Russia ‘buying back’ military supplies from India, Myanmar: Report

The re-purchased military equipment would be used to improve Russia’s older weapon systems as Moscow prepares for Ukraine’s counter-offensive

NEW DELHI | Updated: 06 June, 2023 9:43 am IST
Modi and Putin
Before invading Ukraine, Russian President Vladimir Putin held a meeting with PM Narendra Modi in New Delhi in December, 2021.

NEW DELHI: Russia is “buying back” arms components it previously exported to India and Myanmar in order to improve its older weapon systems as Ukraine prepares to launch an ambitious counter-offensive.

Since Russia’s full-scale invasion of Ukraine in February 2022, the United States, European nations, and Japan have imposed bans on exporting goods with potential military use to Russia.

According to an analysis published by Japan’s Nikkei, Russia is re-importing parts of tanks and missiles that were originally exported to the two Asian nations.

Nikkei’s report is based on analysis of customs clearance data on shipments to Russia, sourced from ImportGenius, Exim Trade Data of India, and other “reliable sources”.

For instance, UralVagonZavod, a Russian tank manufacturer, imported military products from the Myanmar army valued at $24 million on December 9, 2022. These components were registered as the defence maker’s own products. The imported goods included 6,775 sighting telescopes and 200 cameras, which are likely optical devices used to measure distance to targets and zero in on them.

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Nikkei’s further analysis of the customs clearance data revealed a reference to “imported under reclamation act.” This suggests that UralVagonZavod had exported defective military products to the Myanmar army in 2019. However, military analyst Kinichi Nishimura stated that any defective products should have been replaced during a full inspection conducted at the time of import.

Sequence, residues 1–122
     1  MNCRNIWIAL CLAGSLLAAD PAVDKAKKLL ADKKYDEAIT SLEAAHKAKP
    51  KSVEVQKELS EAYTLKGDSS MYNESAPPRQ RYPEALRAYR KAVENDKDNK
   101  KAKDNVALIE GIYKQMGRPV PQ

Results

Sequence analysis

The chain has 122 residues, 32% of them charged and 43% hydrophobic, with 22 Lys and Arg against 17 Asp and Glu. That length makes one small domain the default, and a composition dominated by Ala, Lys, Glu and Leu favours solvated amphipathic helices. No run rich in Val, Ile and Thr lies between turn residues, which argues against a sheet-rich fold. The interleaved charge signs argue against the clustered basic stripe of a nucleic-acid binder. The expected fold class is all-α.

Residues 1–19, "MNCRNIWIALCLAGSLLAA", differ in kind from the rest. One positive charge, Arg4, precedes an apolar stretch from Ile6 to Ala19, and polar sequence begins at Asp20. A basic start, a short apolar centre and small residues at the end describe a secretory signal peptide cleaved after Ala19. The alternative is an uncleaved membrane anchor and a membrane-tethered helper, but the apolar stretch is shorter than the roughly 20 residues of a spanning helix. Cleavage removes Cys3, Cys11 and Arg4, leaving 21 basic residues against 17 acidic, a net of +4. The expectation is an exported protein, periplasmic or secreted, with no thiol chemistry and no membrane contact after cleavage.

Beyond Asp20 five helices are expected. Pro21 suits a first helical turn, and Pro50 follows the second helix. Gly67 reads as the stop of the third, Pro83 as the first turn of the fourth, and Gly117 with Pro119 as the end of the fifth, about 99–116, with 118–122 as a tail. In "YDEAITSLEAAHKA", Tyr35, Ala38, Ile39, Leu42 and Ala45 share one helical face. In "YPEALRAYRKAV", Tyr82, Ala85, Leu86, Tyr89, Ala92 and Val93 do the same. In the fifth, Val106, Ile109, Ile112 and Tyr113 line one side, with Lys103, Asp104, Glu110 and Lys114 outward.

According to the International Institute for Strategic Studies, Russia currently possesses around 5,000 tanks, many of which are older models in need of modernization. Oleg Ignatov, a Russia analyst with the International Crisis Group, pointed out that optics is a significant challenge for the Russian military-industrial complex, and it is plausible that they are seeking to acquire optics through these repurchases.

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Russia’s previous reliance on Western technology for optical equipment has been hindered by trade sanctions, making it difficult for them to procure the necessary components.

Additionally, the Russian NPK KBM, responsible for missile production, purchased six components for night-vision sight for ground-to-air missiles from the Indian defence ministry. These parts, manufactured by KBM, are crucial for the missiles’ nighttime and low-light performance. While Russia may have reimported these parts for repairs, there are no records indicating their return to India.

India has been the largest customer of Russian arms, accounting for 35 per cent of Russia’s overseas arms shipments over the past decade, according to the Stockholm International Peace Research Institute (SIPRI). China and Algeria follow India as major purchasers of Russian arms.

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